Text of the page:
Kilkenny fell behind early in the All-Ireland final, down 4-3 to 0-3 at halftime. They rallied but Tipp held out. Now the Coffey brothers had matched the feat of their fellow parish men from Tubberadora.
Johnny, Mick, and Paddy Leahy were members of the Tipperary vintage that beat Kilkenny in the 1916 All-Ireland final.
Tom Maher mentions 1945. “I got the first goal,” John says, suddenly emphatic.
“Will we go out for a walk?” he asks. “It looks a lovely day outside.”
The man is still good, everything considered. “He’s always loved the sunshine,” Margaret notes. “He has good days and less good days. But he’s happy and content, which is everything to us.”
Margaret is the Coffeys’ fourth child. The 1950s in Ireland remains a byword for employment difficulties and emigration. John Coffey landed in this generation. Kitty Martin, to become Kitty Coffey, would have had to give up her post in the Civil Service under that era’s regulations.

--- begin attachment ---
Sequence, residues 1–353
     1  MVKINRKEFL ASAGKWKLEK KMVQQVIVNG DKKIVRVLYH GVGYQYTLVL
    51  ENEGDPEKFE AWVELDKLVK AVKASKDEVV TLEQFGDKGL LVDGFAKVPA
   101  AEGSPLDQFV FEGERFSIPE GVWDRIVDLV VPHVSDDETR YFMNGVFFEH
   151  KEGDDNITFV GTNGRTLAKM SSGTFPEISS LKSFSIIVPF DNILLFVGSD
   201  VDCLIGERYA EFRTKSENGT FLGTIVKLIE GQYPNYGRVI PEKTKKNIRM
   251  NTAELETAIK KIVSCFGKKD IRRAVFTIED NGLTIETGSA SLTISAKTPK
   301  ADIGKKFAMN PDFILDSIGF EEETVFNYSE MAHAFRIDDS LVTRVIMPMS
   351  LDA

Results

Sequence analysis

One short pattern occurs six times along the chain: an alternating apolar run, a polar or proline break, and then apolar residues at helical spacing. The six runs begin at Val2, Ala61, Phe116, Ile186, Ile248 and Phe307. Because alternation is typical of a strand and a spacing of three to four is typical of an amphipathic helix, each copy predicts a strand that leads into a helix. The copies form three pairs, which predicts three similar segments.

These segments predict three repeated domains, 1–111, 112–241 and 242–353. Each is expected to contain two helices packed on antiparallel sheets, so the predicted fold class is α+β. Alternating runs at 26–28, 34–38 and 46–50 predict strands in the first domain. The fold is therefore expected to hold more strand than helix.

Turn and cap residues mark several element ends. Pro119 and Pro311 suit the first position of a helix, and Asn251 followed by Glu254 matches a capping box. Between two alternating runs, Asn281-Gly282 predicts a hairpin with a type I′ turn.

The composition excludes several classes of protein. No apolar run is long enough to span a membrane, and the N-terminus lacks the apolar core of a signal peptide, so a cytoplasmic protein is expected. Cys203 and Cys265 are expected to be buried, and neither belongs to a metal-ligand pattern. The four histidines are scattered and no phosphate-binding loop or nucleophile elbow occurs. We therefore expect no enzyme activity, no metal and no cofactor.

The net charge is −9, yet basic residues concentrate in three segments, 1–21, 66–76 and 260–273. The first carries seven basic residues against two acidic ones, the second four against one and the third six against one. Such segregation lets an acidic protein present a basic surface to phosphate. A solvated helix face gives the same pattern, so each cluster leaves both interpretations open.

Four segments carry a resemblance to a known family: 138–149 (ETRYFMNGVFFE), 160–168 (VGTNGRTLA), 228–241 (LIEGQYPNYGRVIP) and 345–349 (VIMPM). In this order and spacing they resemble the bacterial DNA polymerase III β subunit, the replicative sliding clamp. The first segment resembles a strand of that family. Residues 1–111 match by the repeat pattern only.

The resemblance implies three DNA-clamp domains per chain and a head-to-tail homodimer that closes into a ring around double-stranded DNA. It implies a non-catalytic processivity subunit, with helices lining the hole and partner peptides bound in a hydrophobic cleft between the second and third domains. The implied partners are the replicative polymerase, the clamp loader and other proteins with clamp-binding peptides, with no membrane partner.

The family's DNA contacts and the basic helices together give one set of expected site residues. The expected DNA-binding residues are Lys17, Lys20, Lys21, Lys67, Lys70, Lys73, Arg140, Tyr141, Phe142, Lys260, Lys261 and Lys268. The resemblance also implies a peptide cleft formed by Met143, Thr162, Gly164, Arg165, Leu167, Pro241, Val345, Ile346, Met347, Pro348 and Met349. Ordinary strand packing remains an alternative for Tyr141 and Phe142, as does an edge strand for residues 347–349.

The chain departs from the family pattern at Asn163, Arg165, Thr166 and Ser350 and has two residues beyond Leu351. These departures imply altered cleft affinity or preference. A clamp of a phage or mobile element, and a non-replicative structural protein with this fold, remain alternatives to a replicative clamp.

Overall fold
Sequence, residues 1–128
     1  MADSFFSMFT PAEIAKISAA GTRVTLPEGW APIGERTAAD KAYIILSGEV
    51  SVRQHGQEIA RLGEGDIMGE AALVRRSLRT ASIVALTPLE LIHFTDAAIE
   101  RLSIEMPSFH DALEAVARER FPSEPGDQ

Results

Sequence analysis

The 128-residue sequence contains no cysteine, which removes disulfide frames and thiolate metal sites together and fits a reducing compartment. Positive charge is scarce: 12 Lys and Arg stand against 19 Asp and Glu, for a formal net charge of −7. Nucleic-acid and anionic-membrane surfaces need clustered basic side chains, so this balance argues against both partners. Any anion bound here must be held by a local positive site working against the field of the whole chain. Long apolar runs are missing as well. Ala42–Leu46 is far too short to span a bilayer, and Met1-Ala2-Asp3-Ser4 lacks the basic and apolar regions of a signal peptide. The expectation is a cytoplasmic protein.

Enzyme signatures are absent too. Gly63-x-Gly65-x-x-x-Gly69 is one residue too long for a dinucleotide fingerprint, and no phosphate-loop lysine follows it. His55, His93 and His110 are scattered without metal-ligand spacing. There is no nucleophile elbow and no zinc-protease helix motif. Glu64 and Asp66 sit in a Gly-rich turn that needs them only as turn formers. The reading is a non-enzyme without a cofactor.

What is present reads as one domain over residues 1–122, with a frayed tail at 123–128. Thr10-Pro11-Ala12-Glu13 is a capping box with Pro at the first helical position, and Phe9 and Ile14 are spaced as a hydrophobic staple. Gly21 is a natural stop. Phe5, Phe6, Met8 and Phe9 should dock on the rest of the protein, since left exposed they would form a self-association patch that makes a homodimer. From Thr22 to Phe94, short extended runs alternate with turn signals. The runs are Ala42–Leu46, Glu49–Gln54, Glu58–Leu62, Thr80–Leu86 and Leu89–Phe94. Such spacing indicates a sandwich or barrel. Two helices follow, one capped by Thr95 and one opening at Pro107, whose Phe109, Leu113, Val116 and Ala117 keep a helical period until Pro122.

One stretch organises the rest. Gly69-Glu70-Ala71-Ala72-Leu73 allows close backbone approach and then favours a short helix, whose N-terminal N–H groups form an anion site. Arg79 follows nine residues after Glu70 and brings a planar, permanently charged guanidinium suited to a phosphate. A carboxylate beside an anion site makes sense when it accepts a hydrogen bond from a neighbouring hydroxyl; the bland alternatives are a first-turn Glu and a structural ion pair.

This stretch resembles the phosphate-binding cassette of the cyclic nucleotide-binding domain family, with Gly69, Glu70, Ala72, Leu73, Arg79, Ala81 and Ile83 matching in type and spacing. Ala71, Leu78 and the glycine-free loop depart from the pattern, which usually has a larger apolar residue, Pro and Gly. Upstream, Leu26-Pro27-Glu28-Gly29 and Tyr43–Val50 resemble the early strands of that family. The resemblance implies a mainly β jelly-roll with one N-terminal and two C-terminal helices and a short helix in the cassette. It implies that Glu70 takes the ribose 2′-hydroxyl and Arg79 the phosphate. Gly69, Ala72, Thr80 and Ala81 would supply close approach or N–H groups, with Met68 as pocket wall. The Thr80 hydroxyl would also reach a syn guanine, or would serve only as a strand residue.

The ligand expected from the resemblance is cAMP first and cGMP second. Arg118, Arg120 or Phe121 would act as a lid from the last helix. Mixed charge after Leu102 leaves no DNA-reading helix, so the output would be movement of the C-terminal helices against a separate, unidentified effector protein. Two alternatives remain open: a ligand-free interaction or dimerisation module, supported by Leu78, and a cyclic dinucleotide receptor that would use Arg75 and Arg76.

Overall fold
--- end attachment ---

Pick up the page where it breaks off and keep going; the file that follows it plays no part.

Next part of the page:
The eldest three (Eleanor, John, and Brendan) were born over there. Kitty was expecting Margaret as they sailed back in the autumn of 1960, after a recession in that economy caused a change in plan. Margaret, Tina, and Colm were born in Dublin.
Nature finds a way. Ben Coffey of Lucan Sarsfields, Colm’s son, hurled centre-forward for the Dublin minors defeated by Kilkenny in 2017’s Leinster final. This week, his grandfather was likewise enquiring about Dublin’s prospects against the Antrim minors in their All-Ireland quarter-final, another of tomorrow’s fixtures.
Emigration severed hurling as well as Ireland. An excellent hurler from his mid-teens, John Coffey made, at 16, the Tipperary minor team that overcame Laois in the 1934 All-Ireland final. He was getting noticed, Coffey from Boherlahan.
A compelling family story contextualises this precocity. Mentors turned up at the farmhouse in Ballinree, looking for Jerry, an older brother, who was away working.
Ellen, their mother, remarked to the visitors: “John’s not too bad either. Why don’t ye take him?”
They took her at that word, launching the 16-year-old.
John Coffey had a 1930s youth, Ballytarsna NS, Cashel CBS and farm work. This world was compact and lacked horizons.
All his adult life, he liked to tell a story about a goat that retreated up a hay rick near Golden during a year the River Suir produced a massive flood. The Suir swept away the rick, with the goat never seen again.
Becoming a member of the Army Reserve during World War II was a big change.